If you’re a truck driver looking for a new haul, you may (or may not have) considered hauling livestock. There’s a lot of notions out there about what working with livestock is and isn’t. That’s why we talked to a livestock hauler who told us what the job is really like and gave some tips for people considering this line of work. So, if you’re curious about hauling livestock, here are 3 things to know.
1. Types of Livestock Drivers Haul
When many people think of hauling livestock, there’s a good chance that they think of cows or pigs. While those animals do make up the largest part of the livestock transportation industry, livestock haulers can carry anything that is live freight. This can mean chickens, goats, sheep, and even bees. There are even some livestock haulers who carry high-value livestock such as show horses.
Patience and attention to detail while loading and unloading the animals are two huge traits that good livestock haulers must have. As anyone who works with animals knows, getting frustrated with them rarely makes things go faster. It will only stress the livestock and in turn, make you more stressed.
Livestock drivers also need to be patient behind the wheel and drive defensively. Harsh stops or turns can easily stress or injure livestock. Regulations for carrying livestock vary somewhat by state, so drivers must be detail-oriented to ensure compliance for every load.
2. A Whole New World of “Touch Freight” and Cleanup
For livestock hauling, sanitation is incredibly important. Livestock haulers must maintain sanitary practices when moving between locations or loading and unloading livestock so they don’t transmit infection. This might seem like too much hassle for some drivers, but for livestock haulers, it’s all part of a day’s work.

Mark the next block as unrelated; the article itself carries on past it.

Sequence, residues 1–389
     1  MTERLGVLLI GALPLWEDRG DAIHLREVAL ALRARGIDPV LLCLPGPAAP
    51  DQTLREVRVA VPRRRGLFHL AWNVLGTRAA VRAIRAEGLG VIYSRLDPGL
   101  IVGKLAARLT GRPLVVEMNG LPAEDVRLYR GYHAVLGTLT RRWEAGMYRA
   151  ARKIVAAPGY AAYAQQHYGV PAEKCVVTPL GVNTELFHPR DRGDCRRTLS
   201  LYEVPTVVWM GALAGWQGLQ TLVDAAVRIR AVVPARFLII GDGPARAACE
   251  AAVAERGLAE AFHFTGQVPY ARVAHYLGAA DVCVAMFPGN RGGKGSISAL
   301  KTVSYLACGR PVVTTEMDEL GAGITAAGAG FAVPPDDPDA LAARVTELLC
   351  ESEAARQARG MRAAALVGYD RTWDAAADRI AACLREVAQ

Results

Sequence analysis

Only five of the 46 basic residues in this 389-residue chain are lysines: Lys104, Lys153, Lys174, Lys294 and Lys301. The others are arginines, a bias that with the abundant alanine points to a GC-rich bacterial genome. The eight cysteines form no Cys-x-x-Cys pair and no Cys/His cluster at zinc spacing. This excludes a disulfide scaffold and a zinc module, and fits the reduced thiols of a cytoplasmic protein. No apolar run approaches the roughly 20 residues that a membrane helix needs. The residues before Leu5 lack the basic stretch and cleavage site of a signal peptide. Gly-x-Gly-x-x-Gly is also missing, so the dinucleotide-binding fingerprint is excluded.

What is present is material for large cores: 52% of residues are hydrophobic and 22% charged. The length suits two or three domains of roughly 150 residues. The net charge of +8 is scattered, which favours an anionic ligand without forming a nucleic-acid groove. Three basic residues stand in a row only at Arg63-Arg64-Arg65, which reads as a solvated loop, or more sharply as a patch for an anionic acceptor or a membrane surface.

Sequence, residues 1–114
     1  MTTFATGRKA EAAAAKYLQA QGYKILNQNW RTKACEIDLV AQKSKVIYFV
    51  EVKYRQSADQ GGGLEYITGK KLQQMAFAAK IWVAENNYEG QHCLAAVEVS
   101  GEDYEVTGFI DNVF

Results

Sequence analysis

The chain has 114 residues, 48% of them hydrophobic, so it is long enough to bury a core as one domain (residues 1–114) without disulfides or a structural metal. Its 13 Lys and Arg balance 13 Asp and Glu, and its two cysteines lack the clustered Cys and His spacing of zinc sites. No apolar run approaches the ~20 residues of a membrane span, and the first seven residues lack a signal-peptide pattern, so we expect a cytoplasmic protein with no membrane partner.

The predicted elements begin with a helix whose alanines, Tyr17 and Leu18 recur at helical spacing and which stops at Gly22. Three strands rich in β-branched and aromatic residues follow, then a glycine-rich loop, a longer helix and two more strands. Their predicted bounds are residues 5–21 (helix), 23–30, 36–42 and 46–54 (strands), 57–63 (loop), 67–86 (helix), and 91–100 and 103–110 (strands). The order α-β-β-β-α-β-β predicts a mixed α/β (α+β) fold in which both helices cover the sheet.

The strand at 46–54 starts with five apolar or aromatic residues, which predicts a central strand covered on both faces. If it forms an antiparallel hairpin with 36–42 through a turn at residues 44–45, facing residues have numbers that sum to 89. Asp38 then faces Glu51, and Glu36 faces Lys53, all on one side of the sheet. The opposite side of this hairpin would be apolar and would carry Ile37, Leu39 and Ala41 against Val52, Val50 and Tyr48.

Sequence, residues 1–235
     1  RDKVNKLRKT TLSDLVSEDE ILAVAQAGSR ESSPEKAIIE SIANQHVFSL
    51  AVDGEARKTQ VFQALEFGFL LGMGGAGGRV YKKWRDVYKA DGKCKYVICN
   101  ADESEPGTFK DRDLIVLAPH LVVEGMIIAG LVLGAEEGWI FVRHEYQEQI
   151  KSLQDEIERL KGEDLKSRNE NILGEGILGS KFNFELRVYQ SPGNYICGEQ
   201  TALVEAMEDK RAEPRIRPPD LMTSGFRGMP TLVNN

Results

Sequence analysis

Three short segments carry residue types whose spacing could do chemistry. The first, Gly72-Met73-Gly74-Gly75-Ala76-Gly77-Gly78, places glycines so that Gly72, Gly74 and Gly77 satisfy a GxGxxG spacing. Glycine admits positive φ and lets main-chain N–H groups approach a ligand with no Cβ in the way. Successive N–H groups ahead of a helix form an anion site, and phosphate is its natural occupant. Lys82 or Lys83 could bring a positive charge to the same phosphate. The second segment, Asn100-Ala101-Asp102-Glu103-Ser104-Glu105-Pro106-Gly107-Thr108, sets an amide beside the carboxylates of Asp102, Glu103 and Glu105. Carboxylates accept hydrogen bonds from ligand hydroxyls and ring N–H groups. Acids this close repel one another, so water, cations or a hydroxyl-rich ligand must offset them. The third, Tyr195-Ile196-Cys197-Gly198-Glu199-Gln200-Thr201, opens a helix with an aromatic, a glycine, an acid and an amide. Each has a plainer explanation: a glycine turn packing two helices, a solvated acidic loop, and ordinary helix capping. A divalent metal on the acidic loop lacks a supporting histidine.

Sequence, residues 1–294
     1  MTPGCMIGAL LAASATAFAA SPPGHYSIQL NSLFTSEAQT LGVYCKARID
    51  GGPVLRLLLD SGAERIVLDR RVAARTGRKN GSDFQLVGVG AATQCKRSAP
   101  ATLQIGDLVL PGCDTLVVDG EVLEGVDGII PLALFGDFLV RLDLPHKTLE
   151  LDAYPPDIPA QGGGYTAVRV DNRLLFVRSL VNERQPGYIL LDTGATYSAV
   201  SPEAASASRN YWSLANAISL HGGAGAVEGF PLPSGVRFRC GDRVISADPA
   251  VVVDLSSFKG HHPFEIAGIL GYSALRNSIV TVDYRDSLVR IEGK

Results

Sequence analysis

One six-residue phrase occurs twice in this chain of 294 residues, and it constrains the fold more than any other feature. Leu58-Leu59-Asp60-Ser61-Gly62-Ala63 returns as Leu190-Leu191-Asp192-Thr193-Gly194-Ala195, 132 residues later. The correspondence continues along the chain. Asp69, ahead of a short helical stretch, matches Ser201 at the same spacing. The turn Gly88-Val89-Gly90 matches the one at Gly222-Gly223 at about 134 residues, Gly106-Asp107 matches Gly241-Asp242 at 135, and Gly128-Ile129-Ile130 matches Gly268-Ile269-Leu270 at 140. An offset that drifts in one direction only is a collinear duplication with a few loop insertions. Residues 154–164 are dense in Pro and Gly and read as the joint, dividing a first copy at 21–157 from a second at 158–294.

We talked to Dustin, a cattle hauler and co-owner of Nesbitt Transportation, and asked him if he had any advice for drivers considering hauling livestock. He shared this,
“Someone who is going into hauling cattle needs to be patient. It’s not like driving freight. You need to give yourself extra time around other vehicles because it takes longer to stop with a live load.
You also need to be patient with the animals and have your head on a swivel—always protect yourself. Cattle’s attitudes can change in a split second and go from cooperating to wanting to kill you, so always keep your eyes on the animals when loading and unloading.”
Agfax adds several additional tips for transporting cattle. According to their website, a thorough pre-trip inspection is even more important for livestock haulers. Delays for maintenance or repairs can cause extra stress on the animals, especially if there are heat or chill concerns.
They also recommend that drivers master livestock sorting. Within any type of livestock haul, drivers should transport similar animals together. For example, large cows should be transported with other large cows, not with calves or cows that are small or weak. If you do have to transport different animals together, it’s best to use a gate to separate them.
3. Livestock Truck Drivers Earn More
While livestock haulers often have to meet specific requirements beyond a typical CDL driver, they are also well compensated for their work. Livestock haulers are considered specialty haulers, so their pay is increased. That said, these drivers earn higher pay for good reason.
Livestock haulers must maintain additional certifications that show their understanding of the risks of hauling live animals. In addition, owner operators will need to purchase specific equipment. The type of trailer that drivers need depends on the type of animals and the distance of the haul. No matter the exact specialty, that equipment is not cheap.
Livestock hauling is a specialty niche for people with a lot of patience who don’t mind the good, the bad, and the smelly of working with live animals. This makes it a good fit if you’re a truck driver who has experience working on a farm or ranch or you’re simply looking for a new challenge in trucking.
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